Sitting in my room listening to the silent spinning of the DVD as the graduation / senior movie renders for (hopefully) the last time.
I can hear the hum of my small refrigerator in my room. Funny, I put that fridge in during the second week of school and I've never noticed that hum.
I guess it is because this room is always full. Always noisy. Always bustling. And I'm always half stressed.
“Give me a cliff. I'm jumping.” is something I often say when I'm getting to THAT point.
That point seems to come a lot during the last month of school. I haven't been doing laundry because when I do, my broken washer leaks all over the kitchen floor and I'm stuck mopping too! Thank goodness Camilla is Flat. 😉 No cliffs.
|2010-2011 Westwood Schools Photo Album|
As full time teacher of technology, IT Director, and IT Integrator, I try to keep this place running and work hard to be efficient. PowerSchool is my baby and I write the SQL reports and do the geek work. I cut all the PO's, write the plans, handle the emails, server set up. Gosh, what else?
But my babies are really these kids. These children.
So ends my ninth year of teaching. I hear the hum. This time it is my own humming. I'm humming zip-a-dee-do-dah. I thought I was supposed to whistle that one!
“It's the truth. It's actual. Everything is sat-is-factual.”
You Can't Fire Students
This job isn't perfect. No job is. It is much more stressful than the general manager job I had managing a cell phone market. I could fire people there. I can't fire students and I certainly can't fire their parents. I have to work with what I have.
I lay awake at night thinking and praying over kids. I cry over situations with my own children. I hunt down children who haven't turned in their work and send other young men into the bathroom to smoke them out of their hiding places. I work hard to put comments on their report cards and then rewrite the PowerSchool report cards when I realize that I was so tired I put the comments on the wrong period.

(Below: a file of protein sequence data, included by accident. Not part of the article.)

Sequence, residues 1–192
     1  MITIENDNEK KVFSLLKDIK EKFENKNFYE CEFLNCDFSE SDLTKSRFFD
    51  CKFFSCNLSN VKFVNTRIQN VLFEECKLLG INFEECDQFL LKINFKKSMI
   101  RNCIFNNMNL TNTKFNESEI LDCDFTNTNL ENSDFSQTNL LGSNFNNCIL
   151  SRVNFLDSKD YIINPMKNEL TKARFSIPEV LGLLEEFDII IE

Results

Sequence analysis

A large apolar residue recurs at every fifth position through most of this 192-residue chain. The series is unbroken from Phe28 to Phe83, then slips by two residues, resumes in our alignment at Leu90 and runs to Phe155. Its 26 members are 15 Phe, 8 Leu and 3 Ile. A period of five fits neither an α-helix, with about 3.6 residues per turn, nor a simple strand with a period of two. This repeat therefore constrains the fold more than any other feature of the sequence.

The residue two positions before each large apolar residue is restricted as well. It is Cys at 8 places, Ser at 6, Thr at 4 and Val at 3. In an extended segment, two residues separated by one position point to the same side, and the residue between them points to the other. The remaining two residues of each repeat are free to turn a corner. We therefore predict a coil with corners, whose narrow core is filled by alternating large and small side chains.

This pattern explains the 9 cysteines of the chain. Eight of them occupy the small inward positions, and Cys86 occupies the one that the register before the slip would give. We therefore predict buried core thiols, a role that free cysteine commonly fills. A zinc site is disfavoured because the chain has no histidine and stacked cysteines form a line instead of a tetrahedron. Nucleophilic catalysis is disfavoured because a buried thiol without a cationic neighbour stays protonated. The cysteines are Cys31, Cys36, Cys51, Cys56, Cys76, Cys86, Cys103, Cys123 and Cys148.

Helping Each Other is Part of Teaching.
But one of the most important things for me is sitting down with you every morning. Before I begin my day in my office at home. I hear a hum there too. The flourescent light hums as I write to you. I hum as I think to myself: what will HELP teachers.
My inspiration is Mrs. Grace Adkins who started our learning lab. She is over 80 and has been here for almost the 40 years of Westwood. She rides her bike an hour a day. She is amazingly productive, sharp minded, and is probably the only other person here who has read the World is Flat. She came to me before she even knew we were in the book and asked if I'd read it!
I'd like to be like her. Would I be let to stay in the classroom for another 40 years and write to you as part of this journey? OH, what a joy that would be!
It would be so much easier to just travel and be at home, I guess. But would it hum? Would my life hum? Would everything be satisfactual? And really, would it be actual? Would I really know and breathe teaching like I do?
Living It and Writing the Journey Has Value for Other Journey-Goers
Sometimes the blog posts you like the most here are the ones that have left tears on the keyboard. It is hard to understand unless you live it. I love reading your posts as you live it too.
Hard to Explain Unless You've Been There
Yesterday I thought I was through with the graduation movie. I sat down to watch it and when I did I saw that for some reason the boys movie part was in low def and the girls were in hi def – as a result the boys movie was “eaten” in the rendering process and the result was garble. I was crushed. I had to cry. It was my fourth render. FOURTH! But even with school out, I still had people in my room.